The Cover Letter - 10 Ways To Help Your First Impression
By: Vanderbloemen September 1, 2011
With the job market as volatile as it has been lately, more and more candidates are trying to stand out from the ocean of resumes potential employers receive. The rules of the game have changed, and even ministry positions are affected by the downward spiraling economy.
A cover letter is a job-seeking staple when introducing your resume for consideration. It's the first impression you'll make on the person who may hold the future of your career in his or her hands. Fins.com recently discussed ten cover letter mistakes that could land your resume on the bottom of the stack. Here's our take on their list.
1. Brevity May Not Be King
While a two-page essay probably isn't the best idea, not giving your cover letter any attention is a damaging mistake. Your cover letter should be like a movie trailer and give the employer a reason to invest in the main feature: your resume.
2. Play Nice
It would seem like common sense, but interestingly enough candidates often approach employers with a rescuer mentality. They see the potential in the position and instead of focusing on the positive elements of how their skills may benefit the company, they criticize what's already in place and explain what they can do to fix it.
3. Save the Story
Stories are always a great place to connect and relate, but most employers prefer to hear them in the interview. By sharing the tale of when you were a child and pretended to be a teacher with all the neighborhood kids in your cover letter, your diminishing the effects of your professional persona.
4. Say it Straight
Passivity or unclear verbiage is common in cover letters, some hiring managers say. You may not be a professional writer or know the difference of "their," "they're," and "there." If that's the case, it may be wise to have a more language-saavy friend look over your cover letter and resume to correct any grammatical errors or passive voice.
5. Don't Copy & Paste
Everyone has probably searched for "Cover Letter Template" online at some point in their job search, which in and of itself is nothing to be ashamed of. Sometimes you need a little direction to get started, especially if job-hunting is new to you. However, when a prospective employer reads the same sentence in several cover letters, it's easy to see people aren't putting in the hard work. Be creative. Research the company online instead of generic cover letters. A little insight into their values or accomplishments will go a long way in a cover letter.
6. Be Relevant
One manager in the Nashville area who was hiring for a sales associate received a resume where the candidate bragged about his leadership experience because he led a video game team online. Not only is that not relevant to the position, the simple fact the person thought it would be a helpful skill shows he may lack the necessary, relevant skills the position demanded. If your job history has been in a different world than the position for which you're applying, find relevant aspects of your history that do tie in to the new job.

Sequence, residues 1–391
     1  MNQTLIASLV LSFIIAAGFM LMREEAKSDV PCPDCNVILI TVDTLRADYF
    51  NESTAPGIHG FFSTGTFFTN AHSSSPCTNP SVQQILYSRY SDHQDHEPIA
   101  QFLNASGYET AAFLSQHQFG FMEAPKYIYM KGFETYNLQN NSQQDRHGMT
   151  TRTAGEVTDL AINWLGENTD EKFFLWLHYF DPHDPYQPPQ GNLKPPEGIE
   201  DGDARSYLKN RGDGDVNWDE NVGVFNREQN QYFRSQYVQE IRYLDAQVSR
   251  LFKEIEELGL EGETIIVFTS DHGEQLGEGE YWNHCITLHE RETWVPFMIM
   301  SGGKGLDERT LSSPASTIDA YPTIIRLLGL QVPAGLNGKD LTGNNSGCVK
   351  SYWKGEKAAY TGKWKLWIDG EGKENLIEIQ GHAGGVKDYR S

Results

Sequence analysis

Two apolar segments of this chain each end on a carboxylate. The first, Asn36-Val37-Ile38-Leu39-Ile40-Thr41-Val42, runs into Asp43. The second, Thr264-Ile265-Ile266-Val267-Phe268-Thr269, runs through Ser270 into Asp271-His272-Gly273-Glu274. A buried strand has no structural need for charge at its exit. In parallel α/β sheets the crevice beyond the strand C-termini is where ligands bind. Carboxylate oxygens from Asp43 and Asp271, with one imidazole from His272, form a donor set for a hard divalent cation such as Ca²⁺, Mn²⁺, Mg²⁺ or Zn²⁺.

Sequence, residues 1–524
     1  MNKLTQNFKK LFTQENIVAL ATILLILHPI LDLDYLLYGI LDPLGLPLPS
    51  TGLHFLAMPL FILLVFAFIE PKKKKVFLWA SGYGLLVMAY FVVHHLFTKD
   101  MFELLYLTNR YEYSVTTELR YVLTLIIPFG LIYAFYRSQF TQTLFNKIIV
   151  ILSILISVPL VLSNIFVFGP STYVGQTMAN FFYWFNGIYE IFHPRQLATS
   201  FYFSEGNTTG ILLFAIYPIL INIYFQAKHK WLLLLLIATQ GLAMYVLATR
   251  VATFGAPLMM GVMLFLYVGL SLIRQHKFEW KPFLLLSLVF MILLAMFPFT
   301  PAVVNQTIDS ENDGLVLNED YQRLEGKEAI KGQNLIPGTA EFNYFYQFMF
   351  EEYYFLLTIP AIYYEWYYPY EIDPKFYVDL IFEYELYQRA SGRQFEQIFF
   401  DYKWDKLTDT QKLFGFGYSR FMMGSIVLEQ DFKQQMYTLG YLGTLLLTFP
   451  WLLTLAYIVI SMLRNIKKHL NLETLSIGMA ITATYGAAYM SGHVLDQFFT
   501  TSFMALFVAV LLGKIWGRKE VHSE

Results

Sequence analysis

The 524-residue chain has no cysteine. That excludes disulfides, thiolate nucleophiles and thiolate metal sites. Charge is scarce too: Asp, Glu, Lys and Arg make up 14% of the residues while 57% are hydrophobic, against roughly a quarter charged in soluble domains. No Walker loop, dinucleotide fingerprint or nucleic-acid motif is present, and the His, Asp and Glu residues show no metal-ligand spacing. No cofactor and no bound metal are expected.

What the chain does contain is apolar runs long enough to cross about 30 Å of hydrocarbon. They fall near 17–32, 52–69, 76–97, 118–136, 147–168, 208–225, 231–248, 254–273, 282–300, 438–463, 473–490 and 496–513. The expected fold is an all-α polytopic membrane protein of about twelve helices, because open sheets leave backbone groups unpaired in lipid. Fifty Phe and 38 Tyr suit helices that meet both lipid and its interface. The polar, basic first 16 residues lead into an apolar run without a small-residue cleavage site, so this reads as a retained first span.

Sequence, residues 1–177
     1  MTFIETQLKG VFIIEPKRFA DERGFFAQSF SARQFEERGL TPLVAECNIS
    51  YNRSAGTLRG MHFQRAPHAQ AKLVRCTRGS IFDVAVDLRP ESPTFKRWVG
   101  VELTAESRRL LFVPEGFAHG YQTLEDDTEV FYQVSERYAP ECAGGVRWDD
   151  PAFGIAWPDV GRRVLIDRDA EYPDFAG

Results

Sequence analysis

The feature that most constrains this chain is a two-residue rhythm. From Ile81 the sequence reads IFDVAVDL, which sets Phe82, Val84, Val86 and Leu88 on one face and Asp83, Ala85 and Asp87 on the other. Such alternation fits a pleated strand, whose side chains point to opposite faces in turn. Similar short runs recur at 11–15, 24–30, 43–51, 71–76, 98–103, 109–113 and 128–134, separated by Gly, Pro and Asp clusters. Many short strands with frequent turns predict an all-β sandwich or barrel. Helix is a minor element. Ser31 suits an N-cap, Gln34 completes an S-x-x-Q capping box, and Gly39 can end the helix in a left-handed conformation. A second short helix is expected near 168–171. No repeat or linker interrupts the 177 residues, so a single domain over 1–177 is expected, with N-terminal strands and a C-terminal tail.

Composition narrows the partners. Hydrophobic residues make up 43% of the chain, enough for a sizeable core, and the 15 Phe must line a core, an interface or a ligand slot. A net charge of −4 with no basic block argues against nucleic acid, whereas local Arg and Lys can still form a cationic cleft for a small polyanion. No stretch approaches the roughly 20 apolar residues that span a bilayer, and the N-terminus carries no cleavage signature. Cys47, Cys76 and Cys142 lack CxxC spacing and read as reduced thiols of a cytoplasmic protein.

7. Ditch the Fluff and Arrogance
Inflated language - vaguely describing your skills in grandiose terminology - is a turn off to employers. While some may believe creative word-smithing such as "design ninja" generic descriptions such as "expert" really mean nothing to hiring managers. Be specific in your qualifications and back them up with proven examples.
8. Attention to Detail
Are you correctly spelling the name of the person or company receiving your cover letter? Few things about a cover letter say, "throw me away" than missing crucial details. If you aren't cautious about the specifics before you're hired, how well can you be trusted to handle them as a part of the company? Easy answer: you can't. And employers know this.
9. Job Hunting is not Dating
While personal interests are important to how you may fit in the culture of a company, if it's not directly relevant to the position to which you're applying, it's best to let your teammates find out after you've been hired. Sure, you may love running marathons and cooking, but what does that have to do with your job search?
10. Charm Them. Don't Overwhelm them.
While a good sense of humor is desirable in most circumstances, it's easy to allow nervous laughter and jokes into the interview process in order to diffuse the situation. Being personable is always a good idea, but overcompensating your anxiety by trying to be funny is an all too common mistake.
Be sure to check out the full version of the article at fins.com